Copyright © 2015 Elsevier B.V. and ECNP. All rights reserved.
European neuropsychopharmacology: the journal of the European College of Neuropsychopharmacology 08/2015; 25(11). DOI:10.1016/j.euroneuro.2015.07.022 · 4.37 Impact Factor
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ABSTRACT: Event-related potentials (ERPs), derived from electroencephalographic (EEG) recordings, can index electrocortical activity related to cognitive operations. The fronto-central P3a ERP is involved in involuntary processing of novel auditory information, whereas the parietal P3b indexes controlled attention processing. The amplitude of the auditory P3b has been found to be decreased in major depressive disorder (MDD). However, few studies have examined the relations between the P3b, the related P3a, and antidepressant treatment response. We tested 53 unmedicated individuals (25 females) with MDD, as well as 43 non-depressed controls (23 females) on the novelty oddball task, wherein infrequent deviant (target) and frequent standard (non-target) tones were presented, along with infrequent novel (non-target/distractor) sounds. The P3a and P3b ERPs were assessed to novel and target sounds, respectively, as were their accompanying behavioral performance measures. Depression ratings and the antidepressant response status were assessed following 12 weeks of pharmacotherapy with three different regimens. Antidepressant treatment non-responders had smaller baseline P3a/b amplitudes than responders and healthy controls. Baseline P3b amplitude also weakly predicted the extent of depression rating changes by week 12. Females exhibited larger P3a/b amplitudes than males. With respect to task performance, controls had more target hits than treatment non-responders. ERP measures correlated with clinical changes in males and with behavioral measures in females. These results suggest that greater (or control-like) baseline P3a/b amplitudes are associated with a positive antidepressant response, and that gender differences characterize the P3 and, by extension, basic attentive processes.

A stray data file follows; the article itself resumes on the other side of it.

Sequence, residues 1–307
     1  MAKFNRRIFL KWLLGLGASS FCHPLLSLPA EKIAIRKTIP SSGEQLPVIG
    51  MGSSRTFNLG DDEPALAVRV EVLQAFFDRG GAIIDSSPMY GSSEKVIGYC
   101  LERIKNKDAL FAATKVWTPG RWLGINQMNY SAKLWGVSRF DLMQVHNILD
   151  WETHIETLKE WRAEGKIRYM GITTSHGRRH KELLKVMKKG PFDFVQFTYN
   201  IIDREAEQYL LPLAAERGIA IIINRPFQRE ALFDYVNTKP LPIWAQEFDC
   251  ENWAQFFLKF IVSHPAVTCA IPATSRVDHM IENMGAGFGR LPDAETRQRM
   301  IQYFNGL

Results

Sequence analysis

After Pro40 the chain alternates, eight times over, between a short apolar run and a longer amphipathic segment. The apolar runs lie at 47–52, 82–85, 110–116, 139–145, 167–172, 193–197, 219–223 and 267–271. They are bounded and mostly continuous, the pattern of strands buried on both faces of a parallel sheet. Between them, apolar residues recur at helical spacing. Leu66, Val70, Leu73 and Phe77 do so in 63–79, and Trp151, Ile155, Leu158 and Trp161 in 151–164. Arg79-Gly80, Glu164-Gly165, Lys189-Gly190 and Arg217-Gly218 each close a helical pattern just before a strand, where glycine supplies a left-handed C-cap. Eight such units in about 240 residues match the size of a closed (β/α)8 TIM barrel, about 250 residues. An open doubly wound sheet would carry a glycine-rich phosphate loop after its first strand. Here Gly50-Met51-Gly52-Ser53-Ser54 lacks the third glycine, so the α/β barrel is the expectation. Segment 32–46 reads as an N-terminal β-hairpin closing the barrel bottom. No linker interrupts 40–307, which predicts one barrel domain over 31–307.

European neuropsychopharmacology: the journal of the European College of Neuropsychopharmacology 05/2013; 23(11). DOI:10.1016/j.euroneuro.2013.03.003 · 4.37 Impact Factor
Available from: Natalia Jaworska
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ABSTRACT: Major depressive disorder (MDD) is primarily characterized by decreased affect and accompanying behavioural consequences, but it is also associated with cognitive dysfunction. Assessment of electroencephalographic (EEG) activity and associated event-related potentials (ERPs; derived from averaged EEG activity in response to a stimulus) in the context of MDD has provided insights into the electrocortical abnormalities associated with the disorder. Importantly, EEG and ERPs also have emerged as candidates for predicting and optimizing antidepressant (AD) treatment outcome. This is critical in light of relatively low remission rates or a limited response to initial AD interventions. In contrast to other neuroimaging approaches, EEG and ERPs may be superior for predicting and monitoring AD response, as electrocortical measures are relatively inexpensive, easy to use, and have excellent temporal (that is, millisecond) resolution, enabling fine-grained assessment of basic cognitive and emotive processes. This review aims to highlight the most consistently noted EEG and ERP features in MDD, which may one day assist with diagnostic confirmation, as well as the potential clinical utility of specific electrocortical measures in aiding with response prediction.
Canadian journal of psychiatry. Revue canadienne de psychiatrie 09/2013; 58(9):509-514. · 2.55 Impact Factor